As to America's abandonment of the ABM Treaty, I have given you our views on this already, I don't intend to repeat them now, I don't intend to repeat my own view on that matter now, but I will emphasise the point that in the first place in purely formal legalistic terms that the USA haven't abandoned the treaty and they are proceeding legally, correctly; and there is the second question, which is when their new system might be created; and then there is the third question, which is the main thing, and nobody really knows the answer, will it be created ever? The experience we have from the '80s and what was called in those days Star Wars is obviously a reminder of what might happen, but even in that eventuality Russia has sufficiently modern missile potential to enable her to feel pretty safe in terms of her own military security. So that we think the US decision is erroneous, we feel that our position, which is the same position as we had a year ago, two years ago and we have maintained ever since, we are not content to abandon the treaty jointly with the USA, although that was suggested to us, we would prefer a more flexible approach to this problem, but this is a decision that our partner in this matter has taken, we respect that opinion but it doesn't mean that anything is going to change in the fundamentals of our approach to strategic stability or in our dealings generally with our partners across the civilised - and I stress civilised - world. And this is what we have been talking about when we have been talking about today in our dealings by way of cooperation between Russia and NATO. Neither Russia nor NATO has any great interest in purely military integration, we are more interested in the politics of the thing, we are more interested in the pragmatics of the thing, both Russia and NATO are most interested in coordinating on security policy which I hope you will agree is a slightly different kettle of fish. So we have arranged for cooperation at the moment, we have arranged for cooperation at the Ministry of Defence level for the coming year in terms of search and rescue at sea, use perhaps of Russian military transport aviation or possibly NATO's military transport assets in peacekeeping operations and that is what we have been looking at particularly as a Ministry of Defence.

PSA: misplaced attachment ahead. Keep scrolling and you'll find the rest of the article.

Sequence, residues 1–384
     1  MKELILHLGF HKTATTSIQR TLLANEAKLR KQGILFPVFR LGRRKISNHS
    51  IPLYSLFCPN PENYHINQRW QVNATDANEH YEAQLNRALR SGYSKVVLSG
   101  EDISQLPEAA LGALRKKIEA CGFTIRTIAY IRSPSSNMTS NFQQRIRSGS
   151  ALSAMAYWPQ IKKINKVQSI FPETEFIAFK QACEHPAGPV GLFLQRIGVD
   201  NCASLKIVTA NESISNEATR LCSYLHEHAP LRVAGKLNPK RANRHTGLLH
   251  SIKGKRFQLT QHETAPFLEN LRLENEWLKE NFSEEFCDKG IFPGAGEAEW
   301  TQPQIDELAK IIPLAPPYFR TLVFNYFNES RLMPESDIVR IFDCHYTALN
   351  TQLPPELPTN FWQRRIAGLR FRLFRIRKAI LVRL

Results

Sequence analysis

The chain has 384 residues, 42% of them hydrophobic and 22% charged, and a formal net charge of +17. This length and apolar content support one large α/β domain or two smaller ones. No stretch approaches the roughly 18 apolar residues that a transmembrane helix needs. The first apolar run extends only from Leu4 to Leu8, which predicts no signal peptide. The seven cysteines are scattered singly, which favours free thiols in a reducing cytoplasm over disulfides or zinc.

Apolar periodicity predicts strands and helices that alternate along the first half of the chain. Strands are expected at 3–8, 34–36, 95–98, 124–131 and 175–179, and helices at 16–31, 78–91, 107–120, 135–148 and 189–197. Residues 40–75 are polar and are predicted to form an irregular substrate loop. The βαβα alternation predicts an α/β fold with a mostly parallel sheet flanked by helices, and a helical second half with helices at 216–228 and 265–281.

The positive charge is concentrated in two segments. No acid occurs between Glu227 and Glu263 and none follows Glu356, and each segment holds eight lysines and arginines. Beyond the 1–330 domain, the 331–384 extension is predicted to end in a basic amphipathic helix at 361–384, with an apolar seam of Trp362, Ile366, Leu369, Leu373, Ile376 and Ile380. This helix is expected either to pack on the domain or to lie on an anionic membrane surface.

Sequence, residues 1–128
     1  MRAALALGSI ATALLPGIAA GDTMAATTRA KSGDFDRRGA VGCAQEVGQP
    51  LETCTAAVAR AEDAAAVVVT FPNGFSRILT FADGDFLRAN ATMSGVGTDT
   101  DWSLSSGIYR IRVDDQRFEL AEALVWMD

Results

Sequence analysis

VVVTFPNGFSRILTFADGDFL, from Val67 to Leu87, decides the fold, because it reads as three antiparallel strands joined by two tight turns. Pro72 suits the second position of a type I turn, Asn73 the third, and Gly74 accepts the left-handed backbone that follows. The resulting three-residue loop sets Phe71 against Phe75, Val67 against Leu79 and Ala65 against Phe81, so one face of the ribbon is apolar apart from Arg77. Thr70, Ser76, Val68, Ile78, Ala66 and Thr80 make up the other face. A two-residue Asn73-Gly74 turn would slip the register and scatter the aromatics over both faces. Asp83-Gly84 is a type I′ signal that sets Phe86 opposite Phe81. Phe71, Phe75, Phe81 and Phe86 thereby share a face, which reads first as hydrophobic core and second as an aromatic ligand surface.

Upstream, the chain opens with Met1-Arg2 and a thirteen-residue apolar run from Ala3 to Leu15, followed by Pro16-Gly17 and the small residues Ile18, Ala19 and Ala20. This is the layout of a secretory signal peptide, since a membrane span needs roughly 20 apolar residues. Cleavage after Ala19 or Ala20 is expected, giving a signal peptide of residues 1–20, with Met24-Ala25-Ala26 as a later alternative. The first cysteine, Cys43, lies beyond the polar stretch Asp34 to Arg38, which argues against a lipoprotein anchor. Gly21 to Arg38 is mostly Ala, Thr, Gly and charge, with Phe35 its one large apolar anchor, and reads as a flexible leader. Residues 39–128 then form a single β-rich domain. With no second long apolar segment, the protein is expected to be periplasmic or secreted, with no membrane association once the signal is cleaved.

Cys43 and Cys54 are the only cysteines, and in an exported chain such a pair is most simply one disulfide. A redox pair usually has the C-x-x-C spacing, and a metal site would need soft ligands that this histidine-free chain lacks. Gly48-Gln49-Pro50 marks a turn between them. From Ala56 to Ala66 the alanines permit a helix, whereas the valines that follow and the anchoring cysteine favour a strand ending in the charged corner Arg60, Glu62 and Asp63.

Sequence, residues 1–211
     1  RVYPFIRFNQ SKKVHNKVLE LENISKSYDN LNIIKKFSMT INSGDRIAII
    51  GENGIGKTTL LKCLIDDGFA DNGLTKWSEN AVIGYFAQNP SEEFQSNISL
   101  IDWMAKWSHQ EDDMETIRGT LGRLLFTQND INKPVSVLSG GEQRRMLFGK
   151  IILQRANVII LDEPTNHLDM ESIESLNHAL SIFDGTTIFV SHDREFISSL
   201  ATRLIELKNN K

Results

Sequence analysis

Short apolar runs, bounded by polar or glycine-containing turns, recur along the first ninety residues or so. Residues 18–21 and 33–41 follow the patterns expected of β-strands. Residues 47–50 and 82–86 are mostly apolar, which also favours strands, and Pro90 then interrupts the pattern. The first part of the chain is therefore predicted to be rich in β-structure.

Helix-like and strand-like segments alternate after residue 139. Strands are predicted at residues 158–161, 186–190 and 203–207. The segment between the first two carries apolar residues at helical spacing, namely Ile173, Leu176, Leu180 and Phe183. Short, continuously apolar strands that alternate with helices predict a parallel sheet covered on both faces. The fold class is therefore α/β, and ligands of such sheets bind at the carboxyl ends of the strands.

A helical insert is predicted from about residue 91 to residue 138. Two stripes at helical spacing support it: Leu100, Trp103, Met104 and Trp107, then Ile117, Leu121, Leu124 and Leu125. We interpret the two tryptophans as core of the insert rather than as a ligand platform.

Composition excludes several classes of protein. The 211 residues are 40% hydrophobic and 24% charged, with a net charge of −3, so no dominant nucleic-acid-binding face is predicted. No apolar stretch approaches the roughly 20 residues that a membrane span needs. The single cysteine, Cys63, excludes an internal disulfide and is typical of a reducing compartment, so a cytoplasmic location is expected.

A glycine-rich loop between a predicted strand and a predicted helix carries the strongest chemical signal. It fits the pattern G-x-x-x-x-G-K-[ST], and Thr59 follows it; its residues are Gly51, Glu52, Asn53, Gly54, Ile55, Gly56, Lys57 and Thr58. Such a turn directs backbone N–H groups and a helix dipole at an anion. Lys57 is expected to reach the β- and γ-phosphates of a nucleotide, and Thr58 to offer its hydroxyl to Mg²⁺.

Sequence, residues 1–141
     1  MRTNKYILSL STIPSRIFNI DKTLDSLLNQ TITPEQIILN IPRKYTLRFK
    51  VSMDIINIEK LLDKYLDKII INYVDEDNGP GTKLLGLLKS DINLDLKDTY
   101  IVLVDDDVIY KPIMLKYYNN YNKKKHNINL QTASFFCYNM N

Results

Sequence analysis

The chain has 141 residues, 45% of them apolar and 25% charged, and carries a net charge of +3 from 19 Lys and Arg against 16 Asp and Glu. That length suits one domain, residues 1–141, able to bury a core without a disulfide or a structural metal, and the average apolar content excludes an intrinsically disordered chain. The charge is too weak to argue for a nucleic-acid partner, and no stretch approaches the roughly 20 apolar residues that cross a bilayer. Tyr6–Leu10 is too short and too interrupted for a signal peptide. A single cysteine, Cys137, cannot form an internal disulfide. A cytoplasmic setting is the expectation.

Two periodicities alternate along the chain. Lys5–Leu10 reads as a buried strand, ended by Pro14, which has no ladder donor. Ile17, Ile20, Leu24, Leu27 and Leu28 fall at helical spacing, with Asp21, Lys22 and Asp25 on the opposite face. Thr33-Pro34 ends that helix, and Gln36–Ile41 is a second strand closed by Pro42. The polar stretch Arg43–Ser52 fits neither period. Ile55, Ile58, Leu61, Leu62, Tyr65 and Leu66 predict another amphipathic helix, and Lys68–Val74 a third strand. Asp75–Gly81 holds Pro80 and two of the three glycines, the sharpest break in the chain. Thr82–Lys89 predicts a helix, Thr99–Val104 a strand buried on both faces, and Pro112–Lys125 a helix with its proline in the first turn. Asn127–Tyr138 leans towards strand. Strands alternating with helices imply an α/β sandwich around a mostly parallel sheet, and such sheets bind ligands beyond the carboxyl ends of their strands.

Question: Minister Ivanov, can you point out specifically military qualities Russia has to offer to NATO in this new relationship?
Mr. Ivanov: I would actually take a slightly broader view and look at the total Russian military organisation which is a slightly different thing. What we can offer is firstly information support, information not just about Afghanistan, let me emphasise that in particular, and we have every grounds for saying that. We are running already an active exchange of information on terrorism and as I say not only, not mainly even about Afghanistan but also about other areas, with particular attention going on where terrorist groups get their finance from. Also, perhaps to be specific for a moment about Afghanistan, there is a large amount of experience that Russia as a successor to the Soviet Union has. We know a lot about the situation on the ground, we know a lot about the humanitarian aspects without which no settlement of the situation and no support to the interim administration in Afghanistan will be possible. Russia is also engaged actively on humanitarian assistance to Afghanistan, we have over 150 rescue personnel in Afghanistan, doctors, and they started yesterday to work on restoring the tunnels, the crossing it, and that is one way in which we are extending practical direct assistance in the northern parts of Afghanistan. Also important we think are matters of non-proliferation and we are less concerned with nuclear than with biological and chemical weaponry. If you again look here at the US-Russian exchange then I can draw your attention to the Joint Declaration signed by our Presidents at their meeting in Washington.